Breaking down the barriers to education for young people in out of home care.
It’s been a tough year for students who have struggled with disruption to their education. Online classes, loss of connection to teachers and peers, and motivation difficulties have affected the mental health of many students. For most young people, these difficulties represent just a year out of their whole educational life, but many children and young people in out of home care continually deal with barriers that negatively impact their entire time at school.
This Friday 19 February is Care Day - the world’s largest celebration of the rights of children and young people with care experience. It is a time to focus on the resilience and achievements of young people in care and to ensure that they have access to the same opportunities and support as every other child and young person. It is also imperative to look at the inequalities young people in out of home care face and one of the main issues is education. While 40 per cent of the general population will study some form of higher education, for care leavers that figure is significantly lower — just 1 to 3 per cent.
27-year-old Tayla Ayliffe, who spent much of her teenage life in foster care and residential care, knows very well how difficult it is to remain focused on school work when everything around you is changing and feels insecure.
Being in care is tough, and often, the reasons kids come into care can have a traumatising effect which in turn impacts a young person’s ability to learn. If you don’t feel safe and you’re dealing with trauma, you’re not in a place where you can think about your future or concentrate on school work.
“Kids in care also battle with practical issues. One of my foster homes was so far from my school that I had to get up at 4.30am just to get to school on time – and even then, I’d sometimes be late."
“Often in residential care, other kids in the house are not interested in learning or doing homework and you have to be really focused to work through the distractions. That’s a huge ask from kids who are already coping with some significant issues,” Tayla added.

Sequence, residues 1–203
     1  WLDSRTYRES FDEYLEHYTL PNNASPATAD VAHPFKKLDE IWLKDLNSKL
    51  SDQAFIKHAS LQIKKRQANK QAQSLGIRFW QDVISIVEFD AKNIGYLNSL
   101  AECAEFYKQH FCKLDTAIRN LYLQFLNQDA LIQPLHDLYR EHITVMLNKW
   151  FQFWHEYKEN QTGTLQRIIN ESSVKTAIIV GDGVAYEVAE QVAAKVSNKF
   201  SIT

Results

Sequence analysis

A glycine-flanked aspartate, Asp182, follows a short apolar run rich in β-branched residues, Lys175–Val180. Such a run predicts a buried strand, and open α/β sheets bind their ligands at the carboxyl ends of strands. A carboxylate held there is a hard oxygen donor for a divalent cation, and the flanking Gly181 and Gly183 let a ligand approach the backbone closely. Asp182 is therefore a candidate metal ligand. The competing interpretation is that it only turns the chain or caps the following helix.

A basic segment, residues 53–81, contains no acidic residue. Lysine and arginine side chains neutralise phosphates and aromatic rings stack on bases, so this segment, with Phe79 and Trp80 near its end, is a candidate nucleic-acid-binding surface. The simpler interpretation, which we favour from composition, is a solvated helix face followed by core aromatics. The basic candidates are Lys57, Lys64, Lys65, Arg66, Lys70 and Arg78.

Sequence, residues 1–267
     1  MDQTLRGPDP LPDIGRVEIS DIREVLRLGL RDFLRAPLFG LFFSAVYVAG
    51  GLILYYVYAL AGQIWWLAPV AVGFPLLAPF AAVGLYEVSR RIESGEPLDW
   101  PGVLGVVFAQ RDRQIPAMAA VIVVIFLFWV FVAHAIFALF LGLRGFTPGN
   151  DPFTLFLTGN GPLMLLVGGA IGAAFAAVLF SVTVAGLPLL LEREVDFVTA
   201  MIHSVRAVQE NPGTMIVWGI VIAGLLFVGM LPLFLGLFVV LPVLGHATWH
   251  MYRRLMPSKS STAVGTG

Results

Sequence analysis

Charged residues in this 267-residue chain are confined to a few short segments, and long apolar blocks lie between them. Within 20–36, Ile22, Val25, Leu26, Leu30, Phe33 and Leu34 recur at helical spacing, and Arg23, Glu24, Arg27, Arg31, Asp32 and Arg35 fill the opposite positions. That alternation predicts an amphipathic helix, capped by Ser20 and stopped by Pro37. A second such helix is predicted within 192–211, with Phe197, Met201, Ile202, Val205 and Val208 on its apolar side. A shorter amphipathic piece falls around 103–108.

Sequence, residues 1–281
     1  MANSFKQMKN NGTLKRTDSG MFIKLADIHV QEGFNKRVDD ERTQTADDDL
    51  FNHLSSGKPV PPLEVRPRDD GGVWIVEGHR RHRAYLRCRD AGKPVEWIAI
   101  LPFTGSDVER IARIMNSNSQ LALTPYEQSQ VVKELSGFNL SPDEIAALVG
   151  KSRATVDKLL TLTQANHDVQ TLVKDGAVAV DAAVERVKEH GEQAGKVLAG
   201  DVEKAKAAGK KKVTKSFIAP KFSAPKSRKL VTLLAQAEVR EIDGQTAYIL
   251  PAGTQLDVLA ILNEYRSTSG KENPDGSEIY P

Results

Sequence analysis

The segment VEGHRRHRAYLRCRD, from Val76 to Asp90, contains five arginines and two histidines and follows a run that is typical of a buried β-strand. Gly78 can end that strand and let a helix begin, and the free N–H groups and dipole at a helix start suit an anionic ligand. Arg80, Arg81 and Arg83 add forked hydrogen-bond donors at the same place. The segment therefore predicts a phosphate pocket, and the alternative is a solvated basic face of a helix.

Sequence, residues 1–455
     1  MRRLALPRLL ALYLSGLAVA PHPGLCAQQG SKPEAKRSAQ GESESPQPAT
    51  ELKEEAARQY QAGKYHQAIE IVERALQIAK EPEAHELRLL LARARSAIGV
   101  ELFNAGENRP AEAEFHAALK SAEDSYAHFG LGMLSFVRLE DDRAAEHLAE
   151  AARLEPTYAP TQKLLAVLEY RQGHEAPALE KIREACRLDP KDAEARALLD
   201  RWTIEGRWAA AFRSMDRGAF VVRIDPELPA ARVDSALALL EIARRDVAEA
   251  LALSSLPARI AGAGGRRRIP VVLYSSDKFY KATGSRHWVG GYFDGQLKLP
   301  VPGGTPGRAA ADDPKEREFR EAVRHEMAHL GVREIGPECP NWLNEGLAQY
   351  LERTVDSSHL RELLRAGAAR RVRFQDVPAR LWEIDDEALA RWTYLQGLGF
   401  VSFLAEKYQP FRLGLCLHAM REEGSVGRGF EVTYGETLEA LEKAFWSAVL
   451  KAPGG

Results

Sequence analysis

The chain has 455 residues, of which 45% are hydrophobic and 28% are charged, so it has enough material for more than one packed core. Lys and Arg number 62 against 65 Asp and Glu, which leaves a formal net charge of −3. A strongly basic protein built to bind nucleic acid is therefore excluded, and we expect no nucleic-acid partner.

Supporting young people in care to connect with education, programs like the MacKillop Institute’s ReLATE, and the Centre for Excellence in Child and Family Welfare’s Raising Expectations, work with schools, colleges and universities to create safe, supportive and predictable environments, enhance educators’ understanding and responses to behaviour, and improve student learning and wellbeing outcomes.
Dr Robyn Miller, CEO of MacKillop Family Services, sees the consequences for young people who have disengaged with their education every day.
“Compared to their peers, young people leaving care are significantly less likely to complete high school and more likely to become parents at a young age. We know that higher education generally leads to better employment opportunities and greater earning potential which is why education is so important."
All too often education takes a backseat to other more urgent issues facing children in out of home care. Institutions like schools and universities need to be aware of the wider factors that impact young people in out of home care and their ability to learn.
Dr Miller added “Every year we do see a number of young people in out of home care complete Year 12 and continue education or training, but it’s not enough. We need supports such as ReLATE throughout the whole educational system to sustain a child’s link to learning and allow them to work at their pace.”
Many care leaver students experience significant social and economic barriers in going on to post-secondary study, not because they aren’t capable but because the support they need is not available. The Raising Expectations partnership has seen the number of care leavers rise in further or higher education across its three partner universities.
Deb Tsorbaris, CEO of the Centre for Excellence in Child and Family Welfare said, "More must be done to address these barriers to enable every child and young person in care to be supported to aspire, access, and achieve in TAFE and Uni."
For Tayla, who is currently studying at University, it’s been sheer determination and will to succeed that’s driven her to gain further qualifications.
“I am at Uni now, but I I’m there as a mature-age student. I couldn’t have gone at 17 like so many other young people do. If schools and universities had a greater awareness of the challenges young people in out of home care face, they could build better supports to keep them engaged in school and pursue tertiary education."
I think that society’s awareness of the impact of out of home care on children and young people is where mental health and domestic violence was over 10 years ago. A lot of work has been done to raise awareness of those issues. Now we need to do the same thing for kids in care. We deserve it